Gambler's Ruin - Chance of winning increases by doubling the stakes

A coin is tossed repeatedly, heads appearing on each toss with probability $p$. A gambler starts with initial fortune k (where $0 < k < N$); he wins one point for each head and loses one point for each tail. If his fortune is ever $0$ he is bankrupted, whilst if it ever reaches $N$ he stops gambling to buy a Jaguar. Suppose that $p < \frac{1}{2}$. Show that the gambler can increase his chance of winning by doubling the stakes. You may assume that $k$ and $N$ are even.

  • I think you should offer a bounty, otherwise users may not have enough incentive to spend time on thin kind of questions.

1 Answer

It is well-known that the probability of the gambler winning $N$ dollars before going bankrupt with starting fortune $k$ is 
\[P_k= \frac{1-(\frac{1-p}{p})^k}{1-(\frac{1-p}{p})^N},   p\ne q.\]

This is assuming that every time the gambler bets 1 dollar, and they need $N$ successes to win a total of $N$ dollars. 

Now if the bets are doubled, then the probability of winning $N$ dollars is the same as probability of winning $\frac{N}{2}$ dollars with one dollar bets with starting fortune of $\frac{k}{2}$. Thus the probability is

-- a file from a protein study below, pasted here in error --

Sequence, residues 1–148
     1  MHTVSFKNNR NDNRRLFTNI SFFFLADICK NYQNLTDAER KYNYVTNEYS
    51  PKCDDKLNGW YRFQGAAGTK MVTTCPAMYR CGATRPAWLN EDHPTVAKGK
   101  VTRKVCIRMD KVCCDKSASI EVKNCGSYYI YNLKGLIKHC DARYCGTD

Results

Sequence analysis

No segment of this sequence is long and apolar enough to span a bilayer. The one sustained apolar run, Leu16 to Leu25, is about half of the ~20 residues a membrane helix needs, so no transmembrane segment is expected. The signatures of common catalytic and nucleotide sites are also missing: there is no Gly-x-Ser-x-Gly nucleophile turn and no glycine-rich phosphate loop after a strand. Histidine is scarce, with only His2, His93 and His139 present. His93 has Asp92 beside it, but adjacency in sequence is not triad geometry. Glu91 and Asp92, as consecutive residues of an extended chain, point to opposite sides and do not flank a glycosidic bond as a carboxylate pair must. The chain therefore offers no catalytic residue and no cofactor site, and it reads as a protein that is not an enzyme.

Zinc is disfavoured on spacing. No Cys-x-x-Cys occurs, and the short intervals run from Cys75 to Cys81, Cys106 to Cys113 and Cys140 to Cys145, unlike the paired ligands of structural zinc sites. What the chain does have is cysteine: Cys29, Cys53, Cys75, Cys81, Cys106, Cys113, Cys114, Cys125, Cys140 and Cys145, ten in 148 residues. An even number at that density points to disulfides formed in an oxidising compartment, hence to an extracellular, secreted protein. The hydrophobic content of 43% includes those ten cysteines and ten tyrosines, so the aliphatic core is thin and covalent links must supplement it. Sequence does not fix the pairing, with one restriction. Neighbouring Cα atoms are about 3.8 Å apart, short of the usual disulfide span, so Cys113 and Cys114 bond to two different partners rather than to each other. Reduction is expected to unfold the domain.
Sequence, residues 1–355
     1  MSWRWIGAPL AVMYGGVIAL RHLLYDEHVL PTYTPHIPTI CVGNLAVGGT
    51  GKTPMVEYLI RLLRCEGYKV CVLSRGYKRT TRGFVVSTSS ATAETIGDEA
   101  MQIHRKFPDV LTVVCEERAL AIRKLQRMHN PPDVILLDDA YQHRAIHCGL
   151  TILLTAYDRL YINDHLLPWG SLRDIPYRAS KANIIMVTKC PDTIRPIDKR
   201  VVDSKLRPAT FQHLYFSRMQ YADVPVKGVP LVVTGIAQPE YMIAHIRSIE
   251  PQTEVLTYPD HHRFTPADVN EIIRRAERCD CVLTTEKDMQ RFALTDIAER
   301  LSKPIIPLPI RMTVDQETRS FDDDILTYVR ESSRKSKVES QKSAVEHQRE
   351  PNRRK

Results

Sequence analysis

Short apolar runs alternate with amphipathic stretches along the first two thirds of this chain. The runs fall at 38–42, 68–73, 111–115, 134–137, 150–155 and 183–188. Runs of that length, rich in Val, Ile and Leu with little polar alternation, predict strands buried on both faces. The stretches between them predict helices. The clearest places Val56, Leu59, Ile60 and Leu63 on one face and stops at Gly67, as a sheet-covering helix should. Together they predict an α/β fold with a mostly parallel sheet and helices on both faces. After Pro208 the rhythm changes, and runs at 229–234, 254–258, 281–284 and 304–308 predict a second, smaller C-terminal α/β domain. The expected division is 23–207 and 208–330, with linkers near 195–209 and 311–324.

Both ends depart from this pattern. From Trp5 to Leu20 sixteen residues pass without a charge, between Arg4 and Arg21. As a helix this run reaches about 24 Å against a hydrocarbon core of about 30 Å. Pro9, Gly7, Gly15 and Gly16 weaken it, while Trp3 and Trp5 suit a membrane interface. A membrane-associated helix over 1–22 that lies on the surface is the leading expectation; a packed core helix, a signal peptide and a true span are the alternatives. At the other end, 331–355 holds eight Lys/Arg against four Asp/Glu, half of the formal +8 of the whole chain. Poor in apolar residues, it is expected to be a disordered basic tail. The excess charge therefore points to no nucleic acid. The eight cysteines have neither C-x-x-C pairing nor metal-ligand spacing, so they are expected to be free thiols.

\[P'_k=\frac{1-(\frac{1-p}{p})^{\frac{k}{2}}}{1-(\frac{1-p}{p})^{\frac{N}{2}}}.\]

It is enough to show that 
\[P'_k>P_k.\]
We have 
\[P_k= \frac{1-(\frac{1-p}{p})^k}{1-(\frac{1-p}{p})^N}=\frac{1-(\frac{1-p}{p})^{\frac{k}{2}}}{1-(\frac{1-p}{p})^{\frac{N}{2}}}\cdot \frac{1+(\frac{1-p}{p})^{\frac{k}{2}}}{1+(\frac{1-p}{p})^{\frac{N}{2}}}.\]
Hence
\[P_k=P'_k \big ( \frac{1+(\frac{1-p}{p})^{\frac{k}{2}}}{1+(\frac{1-p}{p})^{\frac{N}{2}}} \big).     (*)\]
Notice that since $p<\frac{1}{2}$, $$\frac{1-p}{p}>1,$$
thus $N>k$ implies 
\[1+(\frac{1-p}{p})^{\frac{N}{2}}>1+(\frac{1-p}{p})^{\frac{k}{2}}  \Rightarrow \frac{1+(\frac{1-p}{p})^{\frac{k}{2}}}{1+(\frac{1-p}{p})^{\frac{N}{2}}}<1. \]
In view of (*) this implies that 
\[P'_k >P_k.\]
The proof is complete!

Erdos Erdos
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  • Erdos Erdos
    +2

    This took me over 30 minutes to answer. You may want to offer a bounty for your questions, otherwise you may not get a response.

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